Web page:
Splintered : Splintered

  • by A. G. Howard
  • Narrated by Rebecca Gibel
  • Series: Splintered
  • 12 hrs and 46 mins
  • Unabridged Audiobook

Publisher's Summary

This stunning debut captures the grotesque madness of Underland, as well as a girl’s pangs of first love and independence. Alyssa Gardner hears the whispers of bugs and flowers - precisely the affliction that landed her mother in a mental hospital years before. This family curse stretches back to her ancestor Alice Liddell, the real-life inspiration for Lewis Carroll’s Alice’s Adventures in Wonderland. Alyssa might be crazy, but she manages to keep it together. For now.
When her mother’s mental health takes a turn for the worse, Alyssa learns that what she thought was fiction is based in terrifying reality. The real Wonderland is a place far darker and more twisted than Lewis Carroll ever let on. There, Alyssa must pass a series of tests, including draining an ocean of Alice’s tears, waking the slumbering tea party, and subduing a vicious bandersnatch, to fix Alice’s mistakes and save her family. She must also decide whom to trust: Jeb, her gorgeous best friend and secret crush, or the sexy but suspicious Morpheus, her guide through Wonderland, who may have dark motives of his own.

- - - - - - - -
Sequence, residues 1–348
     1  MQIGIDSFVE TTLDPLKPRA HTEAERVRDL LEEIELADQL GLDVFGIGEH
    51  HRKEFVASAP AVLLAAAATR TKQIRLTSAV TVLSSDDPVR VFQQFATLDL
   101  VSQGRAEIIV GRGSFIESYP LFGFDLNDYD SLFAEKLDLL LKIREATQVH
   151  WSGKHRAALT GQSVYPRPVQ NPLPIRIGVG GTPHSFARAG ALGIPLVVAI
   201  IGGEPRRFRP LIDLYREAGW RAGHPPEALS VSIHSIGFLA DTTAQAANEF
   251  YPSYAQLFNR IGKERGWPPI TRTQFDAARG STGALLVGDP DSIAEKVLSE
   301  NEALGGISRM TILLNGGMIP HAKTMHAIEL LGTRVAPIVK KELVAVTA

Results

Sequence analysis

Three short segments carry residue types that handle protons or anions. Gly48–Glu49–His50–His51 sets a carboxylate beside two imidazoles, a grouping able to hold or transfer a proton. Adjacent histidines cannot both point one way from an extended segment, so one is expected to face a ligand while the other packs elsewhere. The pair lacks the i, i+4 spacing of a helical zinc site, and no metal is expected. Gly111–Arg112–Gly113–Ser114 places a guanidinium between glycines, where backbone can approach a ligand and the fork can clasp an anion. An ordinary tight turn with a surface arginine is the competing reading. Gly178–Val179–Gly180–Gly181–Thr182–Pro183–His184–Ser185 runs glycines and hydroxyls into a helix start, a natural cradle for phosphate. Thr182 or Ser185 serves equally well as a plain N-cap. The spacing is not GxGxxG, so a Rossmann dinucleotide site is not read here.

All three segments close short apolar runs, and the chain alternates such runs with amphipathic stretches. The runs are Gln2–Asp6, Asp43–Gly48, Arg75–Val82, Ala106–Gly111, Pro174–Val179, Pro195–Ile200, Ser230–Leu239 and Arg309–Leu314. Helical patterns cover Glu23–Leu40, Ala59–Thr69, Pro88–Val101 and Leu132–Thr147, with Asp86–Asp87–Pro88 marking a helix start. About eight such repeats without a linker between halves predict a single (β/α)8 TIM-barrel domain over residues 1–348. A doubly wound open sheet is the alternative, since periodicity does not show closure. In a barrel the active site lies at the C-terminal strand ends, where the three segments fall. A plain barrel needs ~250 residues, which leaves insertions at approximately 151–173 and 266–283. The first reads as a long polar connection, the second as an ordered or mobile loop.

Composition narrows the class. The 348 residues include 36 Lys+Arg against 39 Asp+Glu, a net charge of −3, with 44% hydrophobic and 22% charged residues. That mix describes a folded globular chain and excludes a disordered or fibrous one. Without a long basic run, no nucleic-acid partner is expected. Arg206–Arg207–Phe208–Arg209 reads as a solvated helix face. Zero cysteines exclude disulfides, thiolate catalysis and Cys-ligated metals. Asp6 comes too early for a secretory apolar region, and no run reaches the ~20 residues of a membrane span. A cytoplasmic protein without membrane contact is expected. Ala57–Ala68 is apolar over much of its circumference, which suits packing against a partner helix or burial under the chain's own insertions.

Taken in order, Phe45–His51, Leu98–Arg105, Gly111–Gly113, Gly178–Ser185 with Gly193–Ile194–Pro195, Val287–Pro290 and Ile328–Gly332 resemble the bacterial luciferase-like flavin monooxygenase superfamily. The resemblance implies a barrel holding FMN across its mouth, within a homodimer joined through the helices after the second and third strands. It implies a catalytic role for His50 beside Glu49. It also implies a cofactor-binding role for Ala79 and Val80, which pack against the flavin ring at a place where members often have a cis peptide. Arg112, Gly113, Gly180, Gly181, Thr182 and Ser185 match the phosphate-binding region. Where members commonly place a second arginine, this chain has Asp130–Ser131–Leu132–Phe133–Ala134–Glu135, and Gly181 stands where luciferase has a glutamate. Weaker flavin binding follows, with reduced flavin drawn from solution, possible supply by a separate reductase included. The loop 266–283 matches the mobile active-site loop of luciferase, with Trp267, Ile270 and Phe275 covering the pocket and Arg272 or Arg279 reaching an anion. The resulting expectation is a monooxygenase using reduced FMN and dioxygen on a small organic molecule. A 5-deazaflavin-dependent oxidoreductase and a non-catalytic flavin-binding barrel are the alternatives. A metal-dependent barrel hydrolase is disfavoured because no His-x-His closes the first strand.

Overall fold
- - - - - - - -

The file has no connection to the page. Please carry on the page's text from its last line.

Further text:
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Customer Reviews

Most Helpful

Had Potential, But That Was It...

This book wasn’t for you, but who do you think might enjoy it more?

Pre-teen girls and anyone who enjoys cliche, corny romances.

Would you ever listen to anything by A. G. Howard again?

Probably not.

Which character – as performed by Rebecca Gibel – was your favorite?


If you could play editor, what scene or scenes would you have cut from Splintered?

None. I don't like abridged productions.

Any additional comments?

It’s no secret that retold, repurposed fairy tales are all the rage in young adult novels these days. However, Splintered captures very little of the magic or charm that so many other fantasy books in the genera posses. Going in, I had high hopes for this book. The premise sounded fresh and interesting and almost all of the reviews were positive. Sadly though, the end product turned out to be a slow and difficult read. I found very little to like in any of the main characters and was frustrated with them throughout most of the book. Many of them have a punk/emo flair to their personalities, which feels unnatural, as well as immature, and makes it seem like the author is trying too hard to relate to younger readers. The female lead, Alyssa, is unfortunately meek and needed, though the novel tries to portray her as otherwise, and constantly relies on her two love interests for protection and direction. These two love interests are, I can only assume, supposed to be supportive, caring and protective. Instead they come off as creepy, over protective, and controlling. This is as frustrating and annoying as you can imagine, so I won’t go into detail about it.